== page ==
- Communication between the Tunnel Broker and the Tunnel Server. As
   specified in RFC 3053, this is a critical communication that has to
   be properly secured. Since it is a communication between two devices
   of the ISP, the particular security mechanism used by the ISP is out
   of the scope of this document.



























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References

   [1]  Hagino, J. and H. Snyder, "IPv6 Multihoming Support at Site Exit
        Routers", RFC 3178, October 2001.

   [2]   Durand , A.,  Fasano , P.,  Guardini , I. and D.  Lento , "IPv6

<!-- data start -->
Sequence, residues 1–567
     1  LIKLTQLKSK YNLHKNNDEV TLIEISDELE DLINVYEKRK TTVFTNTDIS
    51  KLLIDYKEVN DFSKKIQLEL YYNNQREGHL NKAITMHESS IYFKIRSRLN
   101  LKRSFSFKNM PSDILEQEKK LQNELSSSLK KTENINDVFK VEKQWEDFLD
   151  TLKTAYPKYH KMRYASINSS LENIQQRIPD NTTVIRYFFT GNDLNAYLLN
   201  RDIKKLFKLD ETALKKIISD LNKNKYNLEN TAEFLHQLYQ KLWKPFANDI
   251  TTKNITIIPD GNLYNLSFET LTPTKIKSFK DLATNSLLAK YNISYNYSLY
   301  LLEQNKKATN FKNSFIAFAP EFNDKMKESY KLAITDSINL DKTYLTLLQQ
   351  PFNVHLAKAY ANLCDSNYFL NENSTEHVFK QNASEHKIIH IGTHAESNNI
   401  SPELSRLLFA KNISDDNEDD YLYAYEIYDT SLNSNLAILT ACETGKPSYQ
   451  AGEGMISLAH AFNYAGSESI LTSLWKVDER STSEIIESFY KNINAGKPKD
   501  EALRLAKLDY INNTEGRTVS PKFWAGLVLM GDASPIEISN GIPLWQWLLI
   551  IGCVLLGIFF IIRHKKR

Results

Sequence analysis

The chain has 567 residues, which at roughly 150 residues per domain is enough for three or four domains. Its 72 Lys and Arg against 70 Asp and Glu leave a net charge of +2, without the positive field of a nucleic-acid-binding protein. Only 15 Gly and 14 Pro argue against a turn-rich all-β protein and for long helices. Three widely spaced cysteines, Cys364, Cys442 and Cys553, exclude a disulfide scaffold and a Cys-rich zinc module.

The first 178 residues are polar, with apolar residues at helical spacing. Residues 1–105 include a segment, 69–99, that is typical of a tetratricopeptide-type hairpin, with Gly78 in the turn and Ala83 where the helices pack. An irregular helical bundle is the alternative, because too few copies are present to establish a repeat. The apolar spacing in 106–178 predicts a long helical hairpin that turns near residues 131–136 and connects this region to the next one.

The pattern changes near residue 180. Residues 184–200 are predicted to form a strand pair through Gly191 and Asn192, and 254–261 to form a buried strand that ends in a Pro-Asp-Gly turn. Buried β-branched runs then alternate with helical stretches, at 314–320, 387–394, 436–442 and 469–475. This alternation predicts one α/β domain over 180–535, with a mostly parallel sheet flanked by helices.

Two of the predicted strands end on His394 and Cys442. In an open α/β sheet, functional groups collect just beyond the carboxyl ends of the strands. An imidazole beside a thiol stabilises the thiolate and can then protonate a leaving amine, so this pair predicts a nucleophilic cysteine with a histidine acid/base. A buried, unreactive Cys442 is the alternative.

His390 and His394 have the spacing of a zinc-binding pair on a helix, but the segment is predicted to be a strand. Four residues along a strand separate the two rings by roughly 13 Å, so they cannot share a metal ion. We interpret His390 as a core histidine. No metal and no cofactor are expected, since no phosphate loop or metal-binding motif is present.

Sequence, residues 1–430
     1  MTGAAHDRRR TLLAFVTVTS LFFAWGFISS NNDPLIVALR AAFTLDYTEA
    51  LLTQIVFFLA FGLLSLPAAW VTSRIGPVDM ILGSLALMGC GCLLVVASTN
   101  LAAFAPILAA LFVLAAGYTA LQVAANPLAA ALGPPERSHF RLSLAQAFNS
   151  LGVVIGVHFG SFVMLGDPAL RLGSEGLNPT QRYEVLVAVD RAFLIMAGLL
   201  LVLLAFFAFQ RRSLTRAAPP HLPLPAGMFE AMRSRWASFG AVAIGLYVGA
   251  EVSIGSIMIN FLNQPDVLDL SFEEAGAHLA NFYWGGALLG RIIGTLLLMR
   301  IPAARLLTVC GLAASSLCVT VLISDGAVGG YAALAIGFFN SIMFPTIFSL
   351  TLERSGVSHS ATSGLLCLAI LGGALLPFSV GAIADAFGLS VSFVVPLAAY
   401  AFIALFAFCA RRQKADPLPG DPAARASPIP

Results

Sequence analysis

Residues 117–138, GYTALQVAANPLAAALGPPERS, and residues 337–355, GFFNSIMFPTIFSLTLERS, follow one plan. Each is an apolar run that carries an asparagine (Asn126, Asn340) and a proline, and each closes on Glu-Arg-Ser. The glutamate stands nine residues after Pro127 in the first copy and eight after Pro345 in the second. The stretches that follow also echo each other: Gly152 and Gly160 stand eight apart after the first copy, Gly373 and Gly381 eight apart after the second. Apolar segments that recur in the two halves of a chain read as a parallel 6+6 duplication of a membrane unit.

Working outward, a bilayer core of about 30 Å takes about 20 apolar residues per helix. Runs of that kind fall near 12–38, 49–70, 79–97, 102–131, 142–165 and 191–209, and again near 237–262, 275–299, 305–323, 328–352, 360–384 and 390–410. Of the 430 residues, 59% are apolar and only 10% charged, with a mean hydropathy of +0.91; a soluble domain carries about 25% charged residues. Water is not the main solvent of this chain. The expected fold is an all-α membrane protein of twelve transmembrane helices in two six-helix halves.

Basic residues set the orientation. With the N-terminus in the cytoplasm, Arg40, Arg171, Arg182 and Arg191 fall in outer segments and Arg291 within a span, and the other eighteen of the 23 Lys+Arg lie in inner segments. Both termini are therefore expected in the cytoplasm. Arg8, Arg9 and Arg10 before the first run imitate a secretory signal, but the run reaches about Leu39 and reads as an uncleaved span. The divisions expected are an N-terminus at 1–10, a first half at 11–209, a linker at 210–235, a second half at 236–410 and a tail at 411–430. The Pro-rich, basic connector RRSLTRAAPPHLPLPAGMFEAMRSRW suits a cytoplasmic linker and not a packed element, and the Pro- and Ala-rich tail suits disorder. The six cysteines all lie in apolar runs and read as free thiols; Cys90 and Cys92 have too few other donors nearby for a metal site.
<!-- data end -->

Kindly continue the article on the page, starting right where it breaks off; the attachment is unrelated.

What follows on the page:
Tunnel Broker", RFC 3053, January 2001.


Authors' Addresses

   Marcelo Bagnulo
   Universidad Carlos III de Madrid
   Av. Universidad 30
   Leganes, Madrid  28911
   SPAIN

   Phone: 34 91 6249500
   EMail: marcelo@it.uc3m.es
   URI:   http://www.it.uc3m.es


   Alberto Garcia-Martinez
   Universidad Carlos III de Madrid
   Av. Universidad 30
   Leganes, Madrid  28911
   SPAIN

   Phone: 34 91 6249500
   EMail: alberto@it.uc3m.es
   URI:   http://www.it.uc3m.es




















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Intellectual Property Statement

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   HEREIN WILL NOT INFRINGE ANY RIGHTS OR ANY IMPLIED WARRANTIES OF
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Acknowledgment

   Funding for the RFC Editor function is currently provided by the
   Internet Society.